Over the past year I’ve been trying to dial in a pair of Dyanfit TLT5’s . Perhaps this will have to be the first in a series because getting the boots to fit and flex properly was the first. I had to review all the help I’ve received as I’m still getting the fit correct. Hard boot proponent Steve Brezovec had some notes stashed so I thought I’d just repost them here:
Here are the mods for my TLT6s. First off is the forward lean plate mod, everyone should do this as it allows the boot to flex forward while keeping the forward lean and nice firm highjack support. On the TLT6 the forward lean plate is removable, which makes the mod easy to do. This picture shows the aluminum forward lean plate inside the boot.
And here is the plate removed, showing one plate before the mod, and one plate after the mod. the hole is filed upwards with a square file.
I also like to cut down the cuff of the boot, just a little, on the medial side, and just a tiny bit on the lateral side. Cutting down the cuff is a personal preference, I just do enough to soften the medial flex of the boot very slightly, start slowly, removing a little material at first and testing. And make sure to make all cuts smooth and clean. Here is the medial side, note the tab I left at the from of the cuff as this gives an indication of how much I cut it down.
And here is the lateral side of the cuff, I really did not remove much material here, just about 3-4 mm or so, even a little bit makes a difference though.
I also remove the power strap, and I do not use either of the additional tongues.
Note that in the US, the TLT6 is only available with the “CR” liner. The CR liner is stiffer and heavier than the other liner option Dynafit has, known as the “CL” liner. Dynafit TLT6s with the CL liner are available in Europe, but not in the US (and probably not in Canada either?). Because I want the boot to be lighter and softer, I ordered some “CL” liners from Europe for my TLT6s. Here are the weights for a single liner, size 28:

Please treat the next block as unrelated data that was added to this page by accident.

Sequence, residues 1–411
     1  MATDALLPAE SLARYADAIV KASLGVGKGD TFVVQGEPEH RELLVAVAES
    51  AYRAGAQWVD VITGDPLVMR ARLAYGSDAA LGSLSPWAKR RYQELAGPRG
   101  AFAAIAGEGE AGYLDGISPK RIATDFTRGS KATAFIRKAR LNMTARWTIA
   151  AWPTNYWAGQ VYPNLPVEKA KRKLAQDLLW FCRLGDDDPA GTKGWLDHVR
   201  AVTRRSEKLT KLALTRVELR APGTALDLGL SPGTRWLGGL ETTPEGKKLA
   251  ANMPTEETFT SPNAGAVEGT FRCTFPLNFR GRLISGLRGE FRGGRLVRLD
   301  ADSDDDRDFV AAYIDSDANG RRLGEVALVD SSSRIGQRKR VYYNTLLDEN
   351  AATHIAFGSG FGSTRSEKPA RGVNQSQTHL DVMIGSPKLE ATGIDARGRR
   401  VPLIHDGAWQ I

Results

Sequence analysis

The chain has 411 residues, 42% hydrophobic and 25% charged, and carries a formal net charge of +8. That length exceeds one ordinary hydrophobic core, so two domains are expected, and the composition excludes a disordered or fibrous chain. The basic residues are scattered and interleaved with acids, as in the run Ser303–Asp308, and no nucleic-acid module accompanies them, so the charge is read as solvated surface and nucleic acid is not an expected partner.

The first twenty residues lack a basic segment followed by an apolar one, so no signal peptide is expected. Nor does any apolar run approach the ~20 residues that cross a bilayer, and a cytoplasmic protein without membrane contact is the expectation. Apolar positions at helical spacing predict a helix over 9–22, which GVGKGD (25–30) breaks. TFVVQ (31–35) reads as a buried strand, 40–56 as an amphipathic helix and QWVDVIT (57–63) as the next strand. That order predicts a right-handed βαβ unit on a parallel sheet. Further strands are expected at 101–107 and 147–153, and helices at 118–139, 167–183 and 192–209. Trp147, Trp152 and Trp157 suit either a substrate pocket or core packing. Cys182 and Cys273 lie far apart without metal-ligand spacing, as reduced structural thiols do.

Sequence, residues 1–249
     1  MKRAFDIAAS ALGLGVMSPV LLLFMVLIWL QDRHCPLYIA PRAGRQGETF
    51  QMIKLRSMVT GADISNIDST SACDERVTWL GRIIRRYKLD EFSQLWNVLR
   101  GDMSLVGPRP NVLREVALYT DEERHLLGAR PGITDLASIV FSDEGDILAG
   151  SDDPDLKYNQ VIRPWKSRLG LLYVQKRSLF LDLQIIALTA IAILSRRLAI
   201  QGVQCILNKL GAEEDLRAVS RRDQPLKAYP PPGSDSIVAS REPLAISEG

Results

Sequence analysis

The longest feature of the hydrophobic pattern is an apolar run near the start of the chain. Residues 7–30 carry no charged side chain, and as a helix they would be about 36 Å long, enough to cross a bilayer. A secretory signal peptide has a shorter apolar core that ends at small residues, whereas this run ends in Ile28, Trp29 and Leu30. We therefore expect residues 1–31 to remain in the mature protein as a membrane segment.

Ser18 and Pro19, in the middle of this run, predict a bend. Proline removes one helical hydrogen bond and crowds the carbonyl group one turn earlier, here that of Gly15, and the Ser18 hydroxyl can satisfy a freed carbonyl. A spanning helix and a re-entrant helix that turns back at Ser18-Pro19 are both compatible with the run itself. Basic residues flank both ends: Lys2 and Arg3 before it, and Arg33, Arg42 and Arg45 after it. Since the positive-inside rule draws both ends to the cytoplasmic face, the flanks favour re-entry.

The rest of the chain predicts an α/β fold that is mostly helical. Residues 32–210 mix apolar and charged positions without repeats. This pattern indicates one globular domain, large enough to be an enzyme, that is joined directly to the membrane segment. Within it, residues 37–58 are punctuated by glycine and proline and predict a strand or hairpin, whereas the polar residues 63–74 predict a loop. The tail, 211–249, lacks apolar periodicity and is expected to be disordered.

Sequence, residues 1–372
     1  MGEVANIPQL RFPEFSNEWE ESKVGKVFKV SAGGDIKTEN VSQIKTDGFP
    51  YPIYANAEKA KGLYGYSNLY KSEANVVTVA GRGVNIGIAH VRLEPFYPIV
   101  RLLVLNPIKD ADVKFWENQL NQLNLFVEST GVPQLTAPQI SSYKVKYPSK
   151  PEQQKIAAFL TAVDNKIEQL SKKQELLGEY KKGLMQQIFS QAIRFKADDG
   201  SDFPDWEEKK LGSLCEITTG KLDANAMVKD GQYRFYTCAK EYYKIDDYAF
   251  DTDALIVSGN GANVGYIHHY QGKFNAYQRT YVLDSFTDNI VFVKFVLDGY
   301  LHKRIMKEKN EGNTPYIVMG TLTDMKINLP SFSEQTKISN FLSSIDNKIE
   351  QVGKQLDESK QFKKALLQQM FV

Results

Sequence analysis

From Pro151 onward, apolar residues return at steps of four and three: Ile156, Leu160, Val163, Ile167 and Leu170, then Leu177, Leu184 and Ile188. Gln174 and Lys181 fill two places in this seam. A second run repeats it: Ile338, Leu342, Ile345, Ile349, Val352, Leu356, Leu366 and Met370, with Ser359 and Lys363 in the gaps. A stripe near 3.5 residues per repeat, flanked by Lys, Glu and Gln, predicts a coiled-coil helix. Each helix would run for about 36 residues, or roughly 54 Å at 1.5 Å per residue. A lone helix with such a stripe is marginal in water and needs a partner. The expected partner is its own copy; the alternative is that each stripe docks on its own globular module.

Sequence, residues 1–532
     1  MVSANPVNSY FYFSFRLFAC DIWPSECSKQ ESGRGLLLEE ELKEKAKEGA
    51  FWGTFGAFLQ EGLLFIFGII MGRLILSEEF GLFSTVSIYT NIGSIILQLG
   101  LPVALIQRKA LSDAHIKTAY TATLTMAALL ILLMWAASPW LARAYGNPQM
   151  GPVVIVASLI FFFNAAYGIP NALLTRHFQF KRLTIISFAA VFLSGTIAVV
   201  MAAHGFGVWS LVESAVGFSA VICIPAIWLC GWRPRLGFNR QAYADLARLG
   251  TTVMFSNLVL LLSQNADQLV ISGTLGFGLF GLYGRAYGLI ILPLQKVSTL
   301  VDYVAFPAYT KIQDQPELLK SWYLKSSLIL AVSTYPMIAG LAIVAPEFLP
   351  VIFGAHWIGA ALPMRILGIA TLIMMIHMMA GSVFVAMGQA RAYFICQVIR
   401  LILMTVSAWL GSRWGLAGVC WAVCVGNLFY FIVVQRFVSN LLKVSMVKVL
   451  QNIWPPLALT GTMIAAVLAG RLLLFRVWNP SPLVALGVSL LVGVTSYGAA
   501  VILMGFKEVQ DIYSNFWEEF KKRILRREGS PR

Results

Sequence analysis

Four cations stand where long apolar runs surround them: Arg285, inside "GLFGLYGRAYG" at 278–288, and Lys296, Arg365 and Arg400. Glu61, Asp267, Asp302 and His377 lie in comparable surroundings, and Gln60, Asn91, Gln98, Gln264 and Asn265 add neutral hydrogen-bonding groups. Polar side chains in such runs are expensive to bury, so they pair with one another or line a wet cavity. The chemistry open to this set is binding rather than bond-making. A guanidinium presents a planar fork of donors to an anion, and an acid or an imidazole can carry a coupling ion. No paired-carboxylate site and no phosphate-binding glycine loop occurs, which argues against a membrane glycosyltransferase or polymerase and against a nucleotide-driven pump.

Dynafit CR liner: 276 grams
Dynafit CL liner: 174 grams
So the CL liner saves over 100 grams per foot! Anyone who wants some brand new CR liners (28) they are for sale, new and un-molded.
I made the cuts using a dremel with a cutting tool. Then smoothed things out with sandpaper.
I use a dremel with the cutting tool: it looks kind of like a drill bit, but it is not. Then I follow up with a sanding barrel on the dremel, and then smooth things out by hand sanding.
One needs to make sure all cuts are smooth, and that any edges have smooth radii. Sharp cut edges are potential spots where the plastic might start tearing.
One thing I’ll add though is that the alluminium piece can be installed either way up. The way Barrows shows it is in the most forward lean option. By flipping it over (and doing the mod) you can have less forward lean. I personally start with it as Barrows has it (most forward lean option), I do the mod which allows for the forward flex, then I start widdling it¬†down¬†also to dial in the exact amount of forward lean (highback). I prefer riding my front foot with less forward lean than the back. Again, this is a preference thing but I used to rock it like that on softboots…many moons ago.
Excellent point Joey, that was exactly my thinking as well. The lesser lean position was not enough for me, so I started with the more lean position, knowing I could easily reduce it. As it turns out, for me, with the (thin behind the calf muscle) CL liner, the max lean position seems about right, with a thicker liner, like Intuition, I would probably file down to reduce the lean slightly. Oh yeah, I ride with a little bit of heel lift on my rear foot (in the Phantom bindings) so this results in a little more forward lean on my rear foot as well.
Note that these small differences are personal, and everyone should experiment to find what works best for their own riding style, do not be afraid to try different things, and if you find some other mods you like on the TLT6, please add to this thread.
breadbox: I have been using the CLs for most of this season. They save about 3 ounces per boot, and they are also noticeably more flexible than the CR. I have not ridden the CR, just tried them on at home (carpet testing). I would say that the CLs are great, but I also suspect they will not last as long as the beefier CRs. Also, IMO, the CLs could use a little more support in the highback area, and I will probably add a little high density boot fitting foam back there to create a little more support: in harder spring snow I have been noticing the edge of the boot shell pressing a little uncomfortably on my calves on heel side traverses.
I would say if you want to save weight, and you are willing to deal with a liner which may not last as long, then got with the CRs. For best “value” the CRs might be the better choice. The extra flex of the CL is pretty nice though…
I suspect the Dynafit branded CL liner is the same as the stock Palau lightweight liner available direct from Palau. I am not sure, but they sure look the same. If so, the Palau self branded version is much cheaper, and available for direct order from Palau in France.
One other thing, I like to use laces with my liners, and find the Salomon quick lace to work really well for this.